Prince Charles rejects chance to address Australian republicans | 2018-03-21 | daily-sun.com

Prince Charles rejects chance to address Australian republicans

AFP     21st March, 2018 12:05:31 printer

Prince Charles rejects chance to address Australian republicans

 

Prince Charles has rejected a cheeky invitation from republicans Down Under to explain why he rather than an Australian should be their next head of state once the Queen dies or steps down, they said Wednesday.

 

The Australian Republican Movement officially asked the heir to the British throne to address a "friendly and respectful" audience during his visit to the country in April for the Commonwealth Games.

 

"It appears the prince is unable to answer this question," said Australian Republic Movement national director Michael Cooney after receiving a response from Clarence House declining.

 

"So now, perhaps monarchists can answer this: why should Australians accept a head of state who will not even speak to our people about why he wants the job?"

 

He said the Clarence House reply was marked "private and confidential", and as a courtesy had chosen not to release the text.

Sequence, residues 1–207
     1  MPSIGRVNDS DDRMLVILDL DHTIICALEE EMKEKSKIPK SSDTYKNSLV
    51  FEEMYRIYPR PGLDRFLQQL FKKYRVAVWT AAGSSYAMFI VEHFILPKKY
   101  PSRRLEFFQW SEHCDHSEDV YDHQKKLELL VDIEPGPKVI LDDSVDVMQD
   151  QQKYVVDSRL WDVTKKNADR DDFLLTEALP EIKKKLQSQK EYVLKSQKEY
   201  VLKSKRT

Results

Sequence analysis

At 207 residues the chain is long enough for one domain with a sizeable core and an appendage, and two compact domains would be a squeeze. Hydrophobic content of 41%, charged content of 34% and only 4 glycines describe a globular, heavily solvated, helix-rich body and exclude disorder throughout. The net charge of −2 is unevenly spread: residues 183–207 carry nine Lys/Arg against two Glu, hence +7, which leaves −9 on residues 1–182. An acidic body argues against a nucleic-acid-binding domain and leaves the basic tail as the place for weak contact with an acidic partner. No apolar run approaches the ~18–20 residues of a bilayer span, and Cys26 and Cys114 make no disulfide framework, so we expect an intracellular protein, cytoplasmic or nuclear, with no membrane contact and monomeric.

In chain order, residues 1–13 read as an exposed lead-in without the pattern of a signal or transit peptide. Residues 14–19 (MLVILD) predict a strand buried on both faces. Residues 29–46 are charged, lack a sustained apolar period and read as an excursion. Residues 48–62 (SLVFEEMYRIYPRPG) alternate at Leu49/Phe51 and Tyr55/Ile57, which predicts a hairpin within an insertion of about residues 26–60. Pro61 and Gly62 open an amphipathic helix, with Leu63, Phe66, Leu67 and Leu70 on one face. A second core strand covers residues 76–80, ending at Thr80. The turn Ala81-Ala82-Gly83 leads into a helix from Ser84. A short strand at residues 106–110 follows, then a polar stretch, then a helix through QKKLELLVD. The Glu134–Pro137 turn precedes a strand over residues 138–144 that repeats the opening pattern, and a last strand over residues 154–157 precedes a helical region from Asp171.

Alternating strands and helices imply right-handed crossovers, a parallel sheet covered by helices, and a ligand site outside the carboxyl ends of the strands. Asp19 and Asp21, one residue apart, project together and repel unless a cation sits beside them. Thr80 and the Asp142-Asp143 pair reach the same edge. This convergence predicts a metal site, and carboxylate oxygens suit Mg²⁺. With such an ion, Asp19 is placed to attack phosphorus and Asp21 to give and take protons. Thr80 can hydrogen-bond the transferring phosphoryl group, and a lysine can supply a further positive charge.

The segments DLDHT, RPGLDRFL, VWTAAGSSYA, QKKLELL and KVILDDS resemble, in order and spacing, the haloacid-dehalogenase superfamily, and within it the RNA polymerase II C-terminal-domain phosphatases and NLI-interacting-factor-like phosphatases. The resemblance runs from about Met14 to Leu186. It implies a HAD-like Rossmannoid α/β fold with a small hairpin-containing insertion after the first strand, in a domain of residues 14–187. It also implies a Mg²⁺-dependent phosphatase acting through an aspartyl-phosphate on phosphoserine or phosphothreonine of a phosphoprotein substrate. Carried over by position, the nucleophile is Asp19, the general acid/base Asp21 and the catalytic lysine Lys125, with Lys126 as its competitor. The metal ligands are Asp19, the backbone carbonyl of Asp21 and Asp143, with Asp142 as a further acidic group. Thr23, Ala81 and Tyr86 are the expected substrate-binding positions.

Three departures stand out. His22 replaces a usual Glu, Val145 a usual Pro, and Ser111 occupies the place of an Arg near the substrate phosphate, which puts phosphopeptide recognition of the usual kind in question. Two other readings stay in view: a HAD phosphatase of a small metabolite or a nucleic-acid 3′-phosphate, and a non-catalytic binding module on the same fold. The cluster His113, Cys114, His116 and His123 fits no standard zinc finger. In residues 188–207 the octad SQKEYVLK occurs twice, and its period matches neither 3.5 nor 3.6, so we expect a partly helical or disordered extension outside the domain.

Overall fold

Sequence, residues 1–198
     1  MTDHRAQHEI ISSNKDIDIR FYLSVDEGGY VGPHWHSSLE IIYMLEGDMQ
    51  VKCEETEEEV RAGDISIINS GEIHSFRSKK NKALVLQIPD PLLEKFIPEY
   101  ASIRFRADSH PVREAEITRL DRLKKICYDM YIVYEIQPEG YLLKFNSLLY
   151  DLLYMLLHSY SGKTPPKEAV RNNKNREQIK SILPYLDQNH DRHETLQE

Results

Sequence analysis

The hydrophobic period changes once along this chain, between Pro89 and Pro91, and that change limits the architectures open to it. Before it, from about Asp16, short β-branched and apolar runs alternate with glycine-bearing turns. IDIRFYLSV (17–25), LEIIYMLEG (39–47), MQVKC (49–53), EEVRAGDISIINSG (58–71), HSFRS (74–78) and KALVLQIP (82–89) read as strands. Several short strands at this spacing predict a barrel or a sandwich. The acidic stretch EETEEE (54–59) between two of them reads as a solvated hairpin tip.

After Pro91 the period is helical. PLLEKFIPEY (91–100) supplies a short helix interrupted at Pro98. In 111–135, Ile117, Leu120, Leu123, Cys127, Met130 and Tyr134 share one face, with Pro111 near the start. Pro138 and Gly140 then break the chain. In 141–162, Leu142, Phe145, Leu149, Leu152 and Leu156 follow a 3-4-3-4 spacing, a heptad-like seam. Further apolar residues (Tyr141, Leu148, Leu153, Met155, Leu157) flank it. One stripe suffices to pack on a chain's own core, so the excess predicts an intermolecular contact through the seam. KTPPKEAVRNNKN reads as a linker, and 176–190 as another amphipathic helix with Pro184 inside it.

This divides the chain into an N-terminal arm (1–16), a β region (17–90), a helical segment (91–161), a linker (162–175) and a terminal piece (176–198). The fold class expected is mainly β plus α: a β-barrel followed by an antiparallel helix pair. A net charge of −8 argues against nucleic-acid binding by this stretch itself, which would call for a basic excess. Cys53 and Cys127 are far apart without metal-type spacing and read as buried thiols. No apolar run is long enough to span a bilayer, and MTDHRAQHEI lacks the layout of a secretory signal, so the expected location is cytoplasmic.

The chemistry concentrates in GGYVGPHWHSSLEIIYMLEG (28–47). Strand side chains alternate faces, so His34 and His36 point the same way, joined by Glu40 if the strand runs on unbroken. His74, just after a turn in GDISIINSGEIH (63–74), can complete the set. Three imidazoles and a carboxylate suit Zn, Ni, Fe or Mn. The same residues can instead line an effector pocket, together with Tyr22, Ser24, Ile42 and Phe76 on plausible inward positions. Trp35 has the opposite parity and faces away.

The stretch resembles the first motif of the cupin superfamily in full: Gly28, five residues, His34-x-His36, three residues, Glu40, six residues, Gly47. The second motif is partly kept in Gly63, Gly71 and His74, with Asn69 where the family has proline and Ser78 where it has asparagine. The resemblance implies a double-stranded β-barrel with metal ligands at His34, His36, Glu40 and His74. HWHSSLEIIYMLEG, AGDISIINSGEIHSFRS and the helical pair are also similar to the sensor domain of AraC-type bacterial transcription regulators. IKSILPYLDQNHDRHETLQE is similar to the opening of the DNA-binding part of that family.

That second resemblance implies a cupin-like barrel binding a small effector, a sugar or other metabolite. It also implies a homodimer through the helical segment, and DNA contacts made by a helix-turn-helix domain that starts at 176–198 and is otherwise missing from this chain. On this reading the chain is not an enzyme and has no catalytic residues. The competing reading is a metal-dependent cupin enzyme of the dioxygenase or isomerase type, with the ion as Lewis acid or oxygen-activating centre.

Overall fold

The prince frequently makes public speeches, but they are usually at official functions.

 

The British crown's power in Australia is seen as largely symbolic, and while the Queen remains hugely popular, the monarchy is viewed by some as an anachronistic colonial relic.

 

Support for a republic has wavered over the years, with the most recent poll in 2014 finding that 51 percent of the 1,400 people surveyed favoured the status quo compared to 42 percent supporting a republic.

 

Prime Minister Malcolm Turnbull favours a republic, but has previously suggested the issue will not be debated during Queen Elizabeth II's reign.

 

"Without constitutional change, there will be a once-in-a-lifetime transition and a new King of Australia within a few years," said Cooney.

 

"Yet today our people know nothing about what this change will look like. The silence of the man who will become Australia's head of state about why he should have the job is hardly reassuring."

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